My clothes progressively went out of style and the family ate rice and beans, but no matter. I was giving it up for the team.
On the upside, the truck gave me a whole new lease on life. I discovered I no longer had to wait for Rog to go get plants or bark. I could load up the back of that with compost for the garden, for what did I care if I smelled like the barea tar pit in the dead of summer. I was driving a truck!
Driving that truck, I was master of the freeway universe. It was better than being at the helm of a firetruck with the lights on. Other drivers would see me comin’ from a mile away and move over before I had the chance to flash my lights or tap my breaks. And those itty-bitty Prius’s? Let them try to cut me off. What did I care?
“It’s a truck!” I’d yell from inside the cab, a once, proper San Francisco city-fide girl gone wild.
This was also the beginning of my love affair with “the grange.” The Grange, as I learned, was one of the few places to get clean diesel. It happened to be a pit stop with cowboy stuff, and all things horsey. Soon, I found myself checking out red-plaid shirts with brands like Cruel Girl
and Cowgirl UP
! After a while, I succumbed and tried one on, and with glee, realized this stuff was made for tall, long-armed girls like me (early cowgirls must have been from Nordic stalk).
This begat wearing dope, phatty cowboy books like Ariat and buying useless, cowboy-themed stuff for the house.
“What’s with the cowboy junk?” Rog asked. He was long over the anything western or cowboy, having OD’d on it as a child.
“It’s grown on me,” I told him. “It’s all because of my hee-haw truck.”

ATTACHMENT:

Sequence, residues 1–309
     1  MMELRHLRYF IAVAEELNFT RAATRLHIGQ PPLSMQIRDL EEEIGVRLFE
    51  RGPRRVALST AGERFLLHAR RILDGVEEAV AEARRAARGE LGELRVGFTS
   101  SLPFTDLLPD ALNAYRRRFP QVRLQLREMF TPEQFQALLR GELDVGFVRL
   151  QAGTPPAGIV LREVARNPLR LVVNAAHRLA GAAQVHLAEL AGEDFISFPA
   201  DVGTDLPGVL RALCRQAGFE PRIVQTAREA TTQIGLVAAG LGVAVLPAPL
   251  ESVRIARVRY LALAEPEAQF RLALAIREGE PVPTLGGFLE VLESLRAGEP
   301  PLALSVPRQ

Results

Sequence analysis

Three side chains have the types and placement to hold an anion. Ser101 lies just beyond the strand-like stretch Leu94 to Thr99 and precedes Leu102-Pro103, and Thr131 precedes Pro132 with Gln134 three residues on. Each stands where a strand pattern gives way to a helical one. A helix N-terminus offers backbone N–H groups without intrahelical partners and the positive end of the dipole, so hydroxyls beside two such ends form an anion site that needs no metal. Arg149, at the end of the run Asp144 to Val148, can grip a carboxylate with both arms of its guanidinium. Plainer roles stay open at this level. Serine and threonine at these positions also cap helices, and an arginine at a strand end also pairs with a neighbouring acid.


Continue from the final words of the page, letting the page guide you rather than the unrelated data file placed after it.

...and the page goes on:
“It’s time to get you a sedan,” he muttered.
“No! I love my truck!” I told him. What did I care if the only guys to give me a second glance were actually looking at my vehicle, hence, the phrase “pickem’ up truck.” Had I know a short-bed with mag tires was such an attraction-getter, I would have begged my dad for one in high school.
Yet, the light at the end of the tunnel was dimming. My daughter was preparing to go to school. The small drop-off and turnaround area wouldn’t accommodate a honkin beast. The rumble threatened to shake the delicate flowers from the gazebo.
We still have the hee-haw truck, and when I’m feeling ornery, I drive it to the grocery store just so other drivers move off the road. In the summer, I fill it up with smelly compost, and every so often, make my mom climb into it when she comes, just so she can appreciate a sedan.
When I’m not behind the wheel, three feet higher than the rest of mankind , I don my blue, halfszees cowboy boots and my Cruel Girl shirt with the long sleeves and shout Cowgirl Up!